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The Book Thief
One Thousand Gifts: A Dare to Live Fully Right Where You Are
On Gold Mountain
Bread & Wine: Readings for Lent and Easter
City of Tranquil Light: A Novel
The Distant Land of My Father
The Paris Wife
Bonhoeffer: Pastor, Martyr, Prophet, Spy
Fall of Giants
World Without End
A Stolen Life
Unbroken: A World War II Story of Survival, Resilience and Redemption
The Pillars of the Earth
Sacred Rhythms: Arranging Our Lives for Spiritual Transformation
The Road
Trials of the Earth: The Autobiography of Mary Hamilton
The Guernsey Literary and Potato Peel Pie Society
The Accidental Billionaires: The Founding of Facebook, a Tale of Sex, Money, Genius and Betrayal
Cutting for Stone

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Entries in Mississippi (1)


mark of racism

Our family tailgated in front of the Lyceum in 2008.I was 10 years old. The air in the grove hung around me as thick as cotton. My eyes must have been the size of cotton bolls. They read the sign painted on a white sheet and hefted by a rotund man dressed in a suit and tie. It read: “hell, John, I’ll tote that flag.” 

I had been to Ole Miss campus before surely, but this was the first trip my memory would register. I tagged along with my good friend Rachel Paris. Her family would later have the chapel on campus named for them. 

On that weekend, I visited the Chi Omega house where Rachel’s big sister lived. I remember the smell of hot rollers and shampoo as the beautiful girls prepped for the big game. Seven years later, I would spend my junior and senior years living there in one of those rooms.

We tailgated in front of the Lyceum circa 1846. This icon of Ole Miss was the first building to constitute the university. In 1861the entire student body joined the confederate army. Later the Lyceum served as a hospital for both Union and Confederate soldiers. The bodies of 250 soldiers lay buried a few feet away from where we picnicked. 

The confederate soldier greets visitors. The Lyceum is behind it but hard to see because of the trees.

And as my feet stood firm on this ground - this battleground - I took in the history as it played out in front of me. My mind tried to process the words and the red-faced adults fueled by anger and bourbon. 

My heart had already pledged allegiance to the flag of Ole Miss, to the concept of this institution, to the nostalgia that transcends words. The adults with me, one of whom had a jewish heritage, explained to me that an African American cheerleader had refused to carry the confederate flag. 

Yesterday I went to the movies with my two younger sons and my husband. As our Honda traveled through Franklin, Tennessee (yet another historic battlefield); we explained racism to them. Then we watched it on the big screen as “42” chronicled the legend of Jackie Robinson. For most of the movie a lump lodged in my throat. Finally tears slid down my face as Jackie lost it after yet another barrage of insults accompanied his turn at bat.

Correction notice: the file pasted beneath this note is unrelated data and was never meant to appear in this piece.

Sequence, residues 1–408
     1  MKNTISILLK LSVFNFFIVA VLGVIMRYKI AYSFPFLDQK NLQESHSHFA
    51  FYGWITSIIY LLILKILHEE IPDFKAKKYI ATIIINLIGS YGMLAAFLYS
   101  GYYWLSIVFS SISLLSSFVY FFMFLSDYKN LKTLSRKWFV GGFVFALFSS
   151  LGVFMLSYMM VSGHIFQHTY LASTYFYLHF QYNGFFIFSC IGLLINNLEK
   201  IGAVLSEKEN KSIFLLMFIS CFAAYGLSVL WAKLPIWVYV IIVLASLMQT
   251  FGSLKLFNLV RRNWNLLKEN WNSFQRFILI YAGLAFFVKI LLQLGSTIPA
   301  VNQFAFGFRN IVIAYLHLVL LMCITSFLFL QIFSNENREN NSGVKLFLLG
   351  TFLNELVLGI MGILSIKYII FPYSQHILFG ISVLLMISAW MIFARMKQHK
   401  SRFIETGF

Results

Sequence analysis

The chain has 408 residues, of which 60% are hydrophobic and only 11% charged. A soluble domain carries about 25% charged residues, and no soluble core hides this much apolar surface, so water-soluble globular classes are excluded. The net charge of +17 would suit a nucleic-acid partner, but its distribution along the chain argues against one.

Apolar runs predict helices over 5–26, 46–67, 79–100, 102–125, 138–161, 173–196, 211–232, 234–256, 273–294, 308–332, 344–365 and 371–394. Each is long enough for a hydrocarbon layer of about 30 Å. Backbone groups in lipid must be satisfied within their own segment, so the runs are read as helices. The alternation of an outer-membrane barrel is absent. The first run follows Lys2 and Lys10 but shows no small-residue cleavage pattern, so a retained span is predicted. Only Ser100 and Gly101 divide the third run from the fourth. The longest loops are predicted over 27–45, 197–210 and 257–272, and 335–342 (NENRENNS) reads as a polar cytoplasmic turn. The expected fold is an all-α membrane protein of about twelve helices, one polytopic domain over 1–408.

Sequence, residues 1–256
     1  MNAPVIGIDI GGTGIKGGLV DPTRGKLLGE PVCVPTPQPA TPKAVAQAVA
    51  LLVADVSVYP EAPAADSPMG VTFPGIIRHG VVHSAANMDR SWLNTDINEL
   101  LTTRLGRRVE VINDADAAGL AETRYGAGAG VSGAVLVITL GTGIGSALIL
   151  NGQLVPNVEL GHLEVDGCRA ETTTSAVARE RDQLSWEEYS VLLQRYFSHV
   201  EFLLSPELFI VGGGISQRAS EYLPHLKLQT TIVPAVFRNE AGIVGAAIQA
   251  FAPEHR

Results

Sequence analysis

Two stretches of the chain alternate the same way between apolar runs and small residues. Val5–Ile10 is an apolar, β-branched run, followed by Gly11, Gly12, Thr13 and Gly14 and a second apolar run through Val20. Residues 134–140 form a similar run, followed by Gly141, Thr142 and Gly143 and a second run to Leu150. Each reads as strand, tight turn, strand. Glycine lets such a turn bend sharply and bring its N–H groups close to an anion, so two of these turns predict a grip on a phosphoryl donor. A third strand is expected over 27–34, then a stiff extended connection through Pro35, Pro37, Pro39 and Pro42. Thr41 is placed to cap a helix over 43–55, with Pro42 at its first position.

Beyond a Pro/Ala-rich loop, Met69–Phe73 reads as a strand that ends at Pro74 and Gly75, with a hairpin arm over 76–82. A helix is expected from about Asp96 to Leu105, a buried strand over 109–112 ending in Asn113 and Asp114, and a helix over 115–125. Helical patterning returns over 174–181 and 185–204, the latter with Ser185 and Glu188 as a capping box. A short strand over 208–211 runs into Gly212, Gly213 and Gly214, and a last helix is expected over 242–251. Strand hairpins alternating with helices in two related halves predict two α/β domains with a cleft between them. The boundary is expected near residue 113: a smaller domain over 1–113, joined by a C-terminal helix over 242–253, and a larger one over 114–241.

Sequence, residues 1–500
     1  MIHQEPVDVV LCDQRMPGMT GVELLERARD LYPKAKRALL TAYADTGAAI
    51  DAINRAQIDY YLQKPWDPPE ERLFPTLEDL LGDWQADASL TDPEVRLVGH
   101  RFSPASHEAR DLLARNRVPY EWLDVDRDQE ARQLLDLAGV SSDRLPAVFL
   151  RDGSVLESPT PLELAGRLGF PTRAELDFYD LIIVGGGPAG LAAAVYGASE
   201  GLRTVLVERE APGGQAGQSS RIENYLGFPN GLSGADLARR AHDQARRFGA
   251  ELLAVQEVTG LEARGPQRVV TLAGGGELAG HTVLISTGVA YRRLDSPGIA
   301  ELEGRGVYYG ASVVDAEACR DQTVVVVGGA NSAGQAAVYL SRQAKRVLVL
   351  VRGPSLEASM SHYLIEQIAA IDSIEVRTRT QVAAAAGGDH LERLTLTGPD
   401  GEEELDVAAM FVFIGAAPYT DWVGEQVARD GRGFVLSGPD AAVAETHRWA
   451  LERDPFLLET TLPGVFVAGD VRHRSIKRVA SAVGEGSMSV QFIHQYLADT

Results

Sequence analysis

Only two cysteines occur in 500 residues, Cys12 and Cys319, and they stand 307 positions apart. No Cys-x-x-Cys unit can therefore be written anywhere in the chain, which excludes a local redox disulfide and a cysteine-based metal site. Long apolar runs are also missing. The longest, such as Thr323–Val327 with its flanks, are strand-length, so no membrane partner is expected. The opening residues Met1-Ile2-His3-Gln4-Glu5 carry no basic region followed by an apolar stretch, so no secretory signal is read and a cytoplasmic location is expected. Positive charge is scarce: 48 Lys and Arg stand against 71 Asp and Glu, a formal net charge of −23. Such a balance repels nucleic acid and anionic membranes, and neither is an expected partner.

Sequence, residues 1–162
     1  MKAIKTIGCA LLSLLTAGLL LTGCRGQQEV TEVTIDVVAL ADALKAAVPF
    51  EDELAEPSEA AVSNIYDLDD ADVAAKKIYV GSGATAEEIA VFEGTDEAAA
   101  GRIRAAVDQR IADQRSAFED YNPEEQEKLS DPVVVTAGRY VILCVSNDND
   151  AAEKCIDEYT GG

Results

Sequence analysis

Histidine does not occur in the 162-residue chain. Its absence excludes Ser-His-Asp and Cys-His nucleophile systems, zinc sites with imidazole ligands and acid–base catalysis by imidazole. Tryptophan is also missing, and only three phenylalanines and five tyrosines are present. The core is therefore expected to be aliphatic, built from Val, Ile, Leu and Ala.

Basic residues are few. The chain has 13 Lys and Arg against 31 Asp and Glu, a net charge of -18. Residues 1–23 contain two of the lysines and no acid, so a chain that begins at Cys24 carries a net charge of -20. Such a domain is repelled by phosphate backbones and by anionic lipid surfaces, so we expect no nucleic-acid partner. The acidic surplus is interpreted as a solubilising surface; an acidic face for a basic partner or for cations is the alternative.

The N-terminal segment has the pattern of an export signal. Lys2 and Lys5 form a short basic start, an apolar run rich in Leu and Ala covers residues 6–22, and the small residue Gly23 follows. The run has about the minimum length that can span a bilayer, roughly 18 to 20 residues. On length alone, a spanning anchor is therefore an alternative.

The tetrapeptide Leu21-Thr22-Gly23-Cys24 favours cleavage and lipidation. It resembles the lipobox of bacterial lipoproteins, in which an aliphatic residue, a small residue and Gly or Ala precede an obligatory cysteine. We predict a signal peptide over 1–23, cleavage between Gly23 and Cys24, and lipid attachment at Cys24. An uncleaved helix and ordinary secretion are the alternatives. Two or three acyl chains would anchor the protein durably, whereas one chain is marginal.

In one scene a 10 year old boy watches the game with his father. His big eyes reflect the bewilderment of the rage around him. This poignantly portrays the birth of racism in a soul. The boy begins to copy the adults and scream out to Jackie. Then he watches as his hero, Pee Wee Reese, walks over to first base and puts his arm around Jackie. Which adult will the boy emulate as he matures? 

Racism leaves its marks on lives. The mark is as deadly as the bloodstains on the floor of the Lyceum. As I write these words, I feel scared. Putting my thoughts and my experiences of racism on paper feels like handling explosives. Shame still laces through me. What could a 46-year-old white woman have to say about racism?

A few weeks ago I read the thoughts of an African American pastor on his blog. He wrote about the recent uproar at Ole Miss. The Colonel Rebel retired and the Black Bear took his place on the sideline. My own reaction to this event belies the work still to be done in my heart. When I read about the shift, I hung my head low. A black bear. Really? 

Pastor Loritts called me out. He wrote:

Down the street from Memphis sits Ole Miss. Recently, a bit of a ruckus took place there over the issue of their mascot, and the Rebel Flag. In the middle of the “storm” I happened to be playing golf with an alumnus of the school, who’s a raving fan who also happens to be white. Dumbfounded he exhaled, “I don’t see what the big deal is, it’s just a name, a flag.” It’s no surprise that he doesn’t have any meaningful relationships with the other either. He just sees things from his side of the tracks, and has never bothered to get into the skin of the Other. If he did, he would see the big deal, because to the descendants of slaves that flag incites anger and hurt.

The mark of racism on my life looks like loneliness. I don’t have friends who are African American. My church is mostly vanilla. The elementary and middle schools my children attend are not diverse. And my life is less because of this. I want more.

I would like to get into the skin of the other. Ole Miss still holds my allegiance. My hope is that we can grow and become people willing to get into the skin of the other.